If Chicago were a planet, it would orbit its own sun--such is its sense of itself among America's major cities. While the country's other big towns put stock in their world profiles, Chicago's carved out lots of its own renown playing things close to home.
The Cubs. Michael Jordan. The Chicago Symphony Orchestra. Roger Ebert, God bless him. Oprah. The late Ann Landers. Mr. Kelly's nightclub and The Billy Goat burger haven. A legendary Democratic political machine. Even the 1968 Grant Park police riot and right on down to the St. Valentine's Day Massacre. These are the unique symbols of a unique metropolis, one whose theater scene has rocked the universe for almost the past 40 years.
In fact, Chicago government thinks so much of the city's theater climate that it's decided it wants to play, too. In support of Illinois' ban on smoking in all public places statewide (effective Jan. 1), the city voted last May to prohibit actors from lighting up onstage--no exceptions. The city outlawed puffing in most public areas in January of 2006; the theater community had defied the action since then, often facing uphill battles with patrons favoring the restriction.
Whatever. We're talkin' Chicago, for God's sake, that brilliantly self-made, kick-some-serious-ass hometown to two-fisted playwrights David Mamet and John Logan, freewheeling inspiration for the freewheeling musical and movie of the same name, site of roughly 200--two hundred--theater companies, at least seven of which are world-class (one, Chicago Dramatists, garnered nearly 700 awards, commissions and other citations last season alone!). To ban smoking from Chicago stages, especially amid the city's very public self-image, is like asking Rhett Butler to watch his mouth.
Back there, the matter's an exercise in discretion. 'Oh, Gaw-wd,' groaned one official at the city's renowned Goodman Theatre before declining comment; several other big venues followed suit. San Diego companies won't be in that position soon--our municipal code's health and sanitation section exempts onstage performers from city-ordered smoking bans.
But Alan Ziter, NTC Foundation executive director and once top man at the San Diego Performing Arts League, is a former marketing director of the League of Chicago Theatres--and many of Chicago's venues, he said, feature the kinds of close quarters that may have caught the eyes of safety-minded public officials.
'A lot of Chicago's theaters,' Ziter told CityBeat, 'are only about 40 or 50 seats. And we certainly know more about the hazards of secondhand smoke than we did years ago, when it was even acceptable for people in the audience to smoke. As far as artistic integrity: If they were to break asbestos tiles onstage in an effort to demonstrate artistic freedom, would it be allowed despite the health risk to the audience?'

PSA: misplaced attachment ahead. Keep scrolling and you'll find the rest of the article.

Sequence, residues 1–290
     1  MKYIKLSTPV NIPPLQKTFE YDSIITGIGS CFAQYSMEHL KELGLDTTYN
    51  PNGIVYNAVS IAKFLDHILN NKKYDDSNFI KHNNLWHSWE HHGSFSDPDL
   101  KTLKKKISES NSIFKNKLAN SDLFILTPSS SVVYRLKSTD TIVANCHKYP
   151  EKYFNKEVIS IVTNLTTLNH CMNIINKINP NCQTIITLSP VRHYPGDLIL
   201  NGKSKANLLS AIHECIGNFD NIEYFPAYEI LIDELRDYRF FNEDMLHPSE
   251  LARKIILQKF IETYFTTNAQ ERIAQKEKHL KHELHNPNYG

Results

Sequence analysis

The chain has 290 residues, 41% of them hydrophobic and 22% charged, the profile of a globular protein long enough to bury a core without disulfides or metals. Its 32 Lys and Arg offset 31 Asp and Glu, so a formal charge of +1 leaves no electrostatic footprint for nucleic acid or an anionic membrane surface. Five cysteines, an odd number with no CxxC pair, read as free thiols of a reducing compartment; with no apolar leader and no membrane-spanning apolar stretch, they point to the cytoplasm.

Good point. Asbestos is a known carcinogen. But it's also not the subject of the legislation, which Ziter conceded amounts to overkill. 'I can't see,' he concluded, 'where a few cigarettes every eight months is going to endanger people's health. But I guess now we'll see how creative the companies get in using noncarcinogenic smoke.'
Accordingly, groups will craft ways around the ban, like opting for cloves; maybe some will simply ante up the damage (scofflaws face a $100 fine for the first offense and $500 for a second offense within a year of the first, with assessments of up to $2,500 or loss of license for consistent infractions). Or folks could try to effect some legislative change on their own (Goodman's 'Oh, Gaw-wd' lady hinted as much before she clammed up). New York, after all, now issues exemptions to companies in similar straits, and those are reportedly easy to get.
But theater people don't draw their images based on fake tobacco or fines or free passes. Nudity, displays and use of deadly weapons, instruction manuals for civil insurrection, physical threats to life and limb, even yelling 'fire' in a crowded theater: They've used them all and more in their quests to explore where we've been, where we'll go and just what the hell we think we're doing here. Chicago's action may center on a commonplace item, but that item is as telling to its character as anything else in that litany.
It's also the centerpiece in a de facto but striking blow to freedom of expression. That affront is all the more ironic amid its genesis in the greatest theater city in America--by a government that could have, and clearly should have, left well enough alone.